There are More Important Things than Target and Omelets

I am not brave.

Nor am I particularly adventurous or daring or thrill-seeking.

No, I prefer the predictable. I relish in routine.

 

I have lived in Indiana all my life.  More specifically, I’ve lived in Carmel, Indiana all my life.  Today, I went shopping in the same Meijer my mom did when I was a kid.  I got my oil changed at the same Jiffy Lube where I purchased my first oil change when I was sixteen.  Sunday, I’ll go to church within the same walls I’ve been worshipping since I was five, and dozens of wide smiles and “Good Morning, Molly”s will greet me as I walk through the door.  I love it.

I’ve had the same friends, taught the same grade at the same school, and taken the same summer vacation every year.  I love that my Target is right down the road and that I can order the most delicious omelet at Patachou every Saturday morning, complete with cinnamon toast.

 

Many would cringe at the lack of adventure in my life, but for me, the safety of The Known is bliss.  I find great comfort in my seemingly predictable life.

This part of my personality is nothing new. After all, I was the 6th grade girl who bawled her way through the first few weeks of middle school in the counselor’s office because she just wanted to go back to her house (where it was safe and predictable).  I am also a girl who sat on the kitchen counter a month before high school graduation and bawled to her mom about not wanting to move away and go to college.  She listened as I cried and calmly said, “Molly, don’t worry about it now.  Enjoy today.  When the day comes, you’ll be ready.”

And I was.  But, ugh.  I hate change.

 

I thought I would be used to it by now.  There have been so many significant changes in the past few years: loss of people, of roles, of places.  A few called me “brave” as my son Tage was dying, and I marveled at that word.  I didn’t feel brave.  I had no choice in the outcome, and therefore, no choice to go along with it or not. I couldn’t stop death.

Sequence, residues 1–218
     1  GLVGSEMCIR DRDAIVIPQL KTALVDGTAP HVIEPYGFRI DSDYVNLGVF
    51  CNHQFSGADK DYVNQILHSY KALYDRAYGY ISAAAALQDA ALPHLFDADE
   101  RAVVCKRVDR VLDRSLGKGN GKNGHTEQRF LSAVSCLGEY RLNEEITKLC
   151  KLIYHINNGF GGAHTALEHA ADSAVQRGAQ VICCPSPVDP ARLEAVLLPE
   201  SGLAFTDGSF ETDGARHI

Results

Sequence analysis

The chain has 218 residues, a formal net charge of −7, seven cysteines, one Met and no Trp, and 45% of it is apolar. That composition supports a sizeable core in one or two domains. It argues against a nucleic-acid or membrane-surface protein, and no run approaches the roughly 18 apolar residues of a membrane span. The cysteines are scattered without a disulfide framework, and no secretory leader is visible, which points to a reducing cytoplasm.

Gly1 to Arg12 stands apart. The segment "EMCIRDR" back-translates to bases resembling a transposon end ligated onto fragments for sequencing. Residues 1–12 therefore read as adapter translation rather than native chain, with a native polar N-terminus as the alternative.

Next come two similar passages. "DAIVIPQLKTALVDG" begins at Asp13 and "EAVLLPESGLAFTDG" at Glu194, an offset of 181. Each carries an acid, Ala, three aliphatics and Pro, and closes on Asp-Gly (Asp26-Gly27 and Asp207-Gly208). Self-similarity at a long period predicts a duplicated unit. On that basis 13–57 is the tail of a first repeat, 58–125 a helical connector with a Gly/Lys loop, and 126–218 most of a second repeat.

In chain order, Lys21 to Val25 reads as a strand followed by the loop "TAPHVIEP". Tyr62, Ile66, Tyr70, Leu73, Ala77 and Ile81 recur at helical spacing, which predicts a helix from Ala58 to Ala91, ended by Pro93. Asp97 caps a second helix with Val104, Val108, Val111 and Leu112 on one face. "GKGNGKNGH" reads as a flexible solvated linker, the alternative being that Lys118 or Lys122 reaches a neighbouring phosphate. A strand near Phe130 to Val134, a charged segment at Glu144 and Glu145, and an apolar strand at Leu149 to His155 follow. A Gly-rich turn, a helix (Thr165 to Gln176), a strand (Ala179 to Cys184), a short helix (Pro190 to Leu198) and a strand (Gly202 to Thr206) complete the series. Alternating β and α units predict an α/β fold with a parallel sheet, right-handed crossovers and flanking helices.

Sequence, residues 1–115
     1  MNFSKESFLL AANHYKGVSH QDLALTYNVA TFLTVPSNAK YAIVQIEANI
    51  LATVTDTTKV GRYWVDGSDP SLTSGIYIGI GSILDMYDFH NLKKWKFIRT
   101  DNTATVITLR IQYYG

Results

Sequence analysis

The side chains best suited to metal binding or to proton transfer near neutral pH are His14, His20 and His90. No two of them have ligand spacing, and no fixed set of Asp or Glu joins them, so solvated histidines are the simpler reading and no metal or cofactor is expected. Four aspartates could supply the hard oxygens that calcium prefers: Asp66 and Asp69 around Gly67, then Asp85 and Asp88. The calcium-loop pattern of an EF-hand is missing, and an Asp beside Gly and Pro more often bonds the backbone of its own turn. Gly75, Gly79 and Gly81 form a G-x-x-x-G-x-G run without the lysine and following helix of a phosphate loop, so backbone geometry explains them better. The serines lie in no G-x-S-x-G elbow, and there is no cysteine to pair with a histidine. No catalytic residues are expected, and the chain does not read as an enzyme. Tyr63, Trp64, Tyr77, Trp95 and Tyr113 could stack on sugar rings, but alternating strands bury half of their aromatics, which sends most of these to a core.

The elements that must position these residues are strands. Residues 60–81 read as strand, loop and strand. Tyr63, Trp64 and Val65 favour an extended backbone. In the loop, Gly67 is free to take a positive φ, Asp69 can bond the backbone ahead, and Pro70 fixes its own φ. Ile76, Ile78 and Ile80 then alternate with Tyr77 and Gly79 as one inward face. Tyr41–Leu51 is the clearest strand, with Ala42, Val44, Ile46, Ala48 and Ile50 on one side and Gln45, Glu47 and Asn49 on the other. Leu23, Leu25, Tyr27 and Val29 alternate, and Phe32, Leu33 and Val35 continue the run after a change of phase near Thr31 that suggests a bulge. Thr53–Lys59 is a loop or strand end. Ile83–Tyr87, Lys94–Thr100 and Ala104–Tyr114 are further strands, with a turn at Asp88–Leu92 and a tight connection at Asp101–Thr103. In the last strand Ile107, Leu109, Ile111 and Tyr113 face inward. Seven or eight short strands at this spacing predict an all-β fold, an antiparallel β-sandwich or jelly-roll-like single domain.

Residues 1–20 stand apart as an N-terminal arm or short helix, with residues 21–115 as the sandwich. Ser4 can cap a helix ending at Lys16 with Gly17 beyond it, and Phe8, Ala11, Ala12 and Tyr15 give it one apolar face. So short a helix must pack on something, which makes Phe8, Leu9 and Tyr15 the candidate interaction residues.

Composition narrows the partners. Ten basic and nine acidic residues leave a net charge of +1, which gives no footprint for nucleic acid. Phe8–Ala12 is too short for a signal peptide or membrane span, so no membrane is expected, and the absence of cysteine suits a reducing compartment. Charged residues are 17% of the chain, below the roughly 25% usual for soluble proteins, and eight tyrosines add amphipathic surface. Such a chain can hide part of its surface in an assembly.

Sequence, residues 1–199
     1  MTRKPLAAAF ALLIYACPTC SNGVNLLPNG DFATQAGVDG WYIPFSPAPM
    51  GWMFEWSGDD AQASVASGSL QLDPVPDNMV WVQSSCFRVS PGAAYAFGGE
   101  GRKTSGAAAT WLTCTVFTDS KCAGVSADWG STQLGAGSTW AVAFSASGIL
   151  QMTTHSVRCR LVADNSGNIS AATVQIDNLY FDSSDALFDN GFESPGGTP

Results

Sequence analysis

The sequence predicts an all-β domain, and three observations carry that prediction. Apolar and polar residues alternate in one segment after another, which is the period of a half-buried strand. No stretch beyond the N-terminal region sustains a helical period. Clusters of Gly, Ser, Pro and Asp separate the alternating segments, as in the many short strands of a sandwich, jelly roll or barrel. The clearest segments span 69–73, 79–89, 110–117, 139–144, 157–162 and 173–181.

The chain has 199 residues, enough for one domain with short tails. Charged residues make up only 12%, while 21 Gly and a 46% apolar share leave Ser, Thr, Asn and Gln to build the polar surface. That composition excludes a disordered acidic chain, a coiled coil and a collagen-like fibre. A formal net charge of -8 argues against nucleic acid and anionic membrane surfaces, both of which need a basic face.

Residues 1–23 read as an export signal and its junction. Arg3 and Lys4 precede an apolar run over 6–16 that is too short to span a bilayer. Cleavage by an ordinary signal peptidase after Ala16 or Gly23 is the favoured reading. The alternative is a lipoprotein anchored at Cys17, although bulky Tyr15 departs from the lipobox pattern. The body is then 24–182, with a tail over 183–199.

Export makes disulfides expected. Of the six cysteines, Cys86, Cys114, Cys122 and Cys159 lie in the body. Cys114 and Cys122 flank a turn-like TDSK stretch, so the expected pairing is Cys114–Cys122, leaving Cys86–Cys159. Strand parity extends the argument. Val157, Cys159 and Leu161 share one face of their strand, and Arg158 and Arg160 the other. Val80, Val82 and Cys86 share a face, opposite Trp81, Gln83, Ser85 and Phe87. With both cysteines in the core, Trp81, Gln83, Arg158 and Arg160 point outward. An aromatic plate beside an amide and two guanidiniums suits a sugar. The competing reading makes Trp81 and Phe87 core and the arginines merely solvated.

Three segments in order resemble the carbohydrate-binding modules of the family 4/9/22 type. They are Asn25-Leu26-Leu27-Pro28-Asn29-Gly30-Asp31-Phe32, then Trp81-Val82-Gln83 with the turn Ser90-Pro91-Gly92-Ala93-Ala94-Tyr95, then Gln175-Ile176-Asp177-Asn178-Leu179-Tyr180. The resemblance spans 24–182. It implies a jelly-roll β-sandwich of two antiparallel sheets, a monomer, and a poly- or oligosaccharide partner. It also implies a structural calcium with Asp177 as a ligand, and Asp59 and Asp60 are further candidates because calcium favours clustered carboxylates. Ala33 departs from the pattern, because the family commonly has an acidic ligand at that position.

When I think of brave, I think of people making a choice.  Of choosing to go.  Of choosing to stay.  Of choosing to say it or not say it.  Of doing it or not doing it, without knowing the outcome.

 That’s bravery, because it’s risk.

Faith is a risk, too.  As much as I believe 100% most days that Jesus is God and He is returning for me one day, I don’t know it.  We can gather all the facts we want about the historicity of the Gospel and of His life and whether or not He really died then rose from the dead, but ultimately, we will have to take a leap of faith if we want to be on His side.  We will have to be brave.

We have to decide that being a Christian isn’t just about checking the box that we believe in Jesus and then doing our best to follow all the rules.  Being a Christ-Follower means that the final step is surrendering our lives to this Christ and trusting Him with what He’s doing, without knowing the outcome.  Surrendering — arms wide open with no expectations — is very, very brave.  That’s why it’s so hard.

 

In the midst of all the change in the past couple years, I remember thinking, I’ve lost this and this and this…but at least I am still in Indiana with my people.  That was the one thing that hadn’t changed, the one thing I still held after the whirlwind.  The one thing I hadn’t had to surrender.

So the following words are still a shock even to me:  At the end of June, I am moving to Kentucky.

 

Yep.  Kentucky. The one state we Hoosiers make fun of. (Sorry Kentucky friends. I didn’t know!)

As I’ve pondered this idea in recent months, I’ve felt my heart race at the thought.  I’ve thought about my Meijer, and my Jiffy Lube, my Target and my omelet, my friends and family and was certain, no, I could not possibly leave.  It wouldn’t be safe.

I’d tear up at the image of me driving down Keystone with  U-Haul on my way to a brand new state with a new home, new friends, a new church, a new job, a new grocery store, and many, many other new things.  Then, I get overwhelmed and ask the Lord, “Does a girl really need more change after all of this?  Are you really going to take away the one good thing she thinks she still has after all the pain?”  And He smiles as He radiates an I know what I am doing look.  And eventually, I nod back and think, yes, a fresh start in a new place could be really good.

I am so excited to get to be near Guy and his girls and see what a “typical Tuesday evening” looks like.  Because this long-distance relationship stuff is HARD.  They weren’t kidding.  I am not a phone-talker, I’m a face-talker – that’s why I’m always hanging out with my people. But the hundreds of miles I’ve put on my car, the ten pounds I’ve gained from fast food during said miles, and the constant feeling like I’m living a double life has definitely been worth it.  The one thing I know is that I want Guy in my life.